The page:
Marco Rubio cast his ballot this morning at his local precinct surrounded by approximately 30 reporters and cameramen who followed his every move — even swarming the former statehouse speaker’s pickup truck for one last shot before Rubio drove off.
It’s a star power that Rubio will just have to get used to.
Less than three months ago, Rubio cast his ballot in the Aug. 24 primary, and not even half that number of cameras were present. But it was a different picture then. The primary was uncontested, since Charlie Crist had defected from the GOP in April, and general-election polls showed Crist and Rubio locked in a tight battle, nearly dead even.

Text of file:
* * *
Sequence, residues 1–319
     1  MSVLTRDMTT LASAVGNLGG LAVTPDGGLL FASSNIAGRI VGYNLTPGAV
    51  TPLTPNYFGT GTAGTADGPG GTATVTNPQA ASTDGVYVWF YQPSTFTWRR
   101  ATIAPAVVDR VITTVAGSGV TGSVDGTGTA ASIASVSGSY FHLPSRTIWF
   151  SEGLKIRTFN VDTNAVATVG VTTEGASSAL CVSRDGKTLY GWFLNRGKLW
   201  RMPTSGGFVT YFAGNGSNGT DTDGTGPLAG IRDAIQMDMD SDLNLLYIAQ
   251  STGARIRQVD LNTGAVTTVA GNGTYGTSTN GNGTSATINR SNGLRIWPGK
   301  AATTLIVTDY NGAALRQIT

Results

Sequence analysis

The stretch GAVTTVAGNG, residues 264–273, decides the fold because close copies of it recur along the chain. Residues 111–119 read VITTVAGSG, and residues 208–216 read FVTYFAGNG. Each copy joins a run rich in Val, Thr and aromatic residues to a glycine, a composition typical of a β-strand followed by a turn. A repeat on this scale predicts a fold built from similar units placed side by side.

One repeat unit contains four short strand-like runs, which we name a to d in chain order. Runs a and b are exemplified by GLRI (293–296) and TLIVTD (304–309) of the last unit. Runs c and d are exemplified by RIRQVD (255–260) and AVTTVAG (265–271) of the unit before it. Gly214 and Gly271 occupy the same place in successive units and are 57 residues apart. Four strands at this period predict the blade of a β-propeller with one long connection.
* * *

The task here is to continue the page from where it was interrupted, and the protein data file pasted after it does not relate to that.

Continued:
Today, Rubio’s lead is as large as 17 points. Most pundits expect not only that Rubio will soundly win the election, but that he will become a key figure in the GOP during the years to come.
If so, this is where it begins — at a church on a quiet street in West Miami, with the ballot of one, Marco Rubio.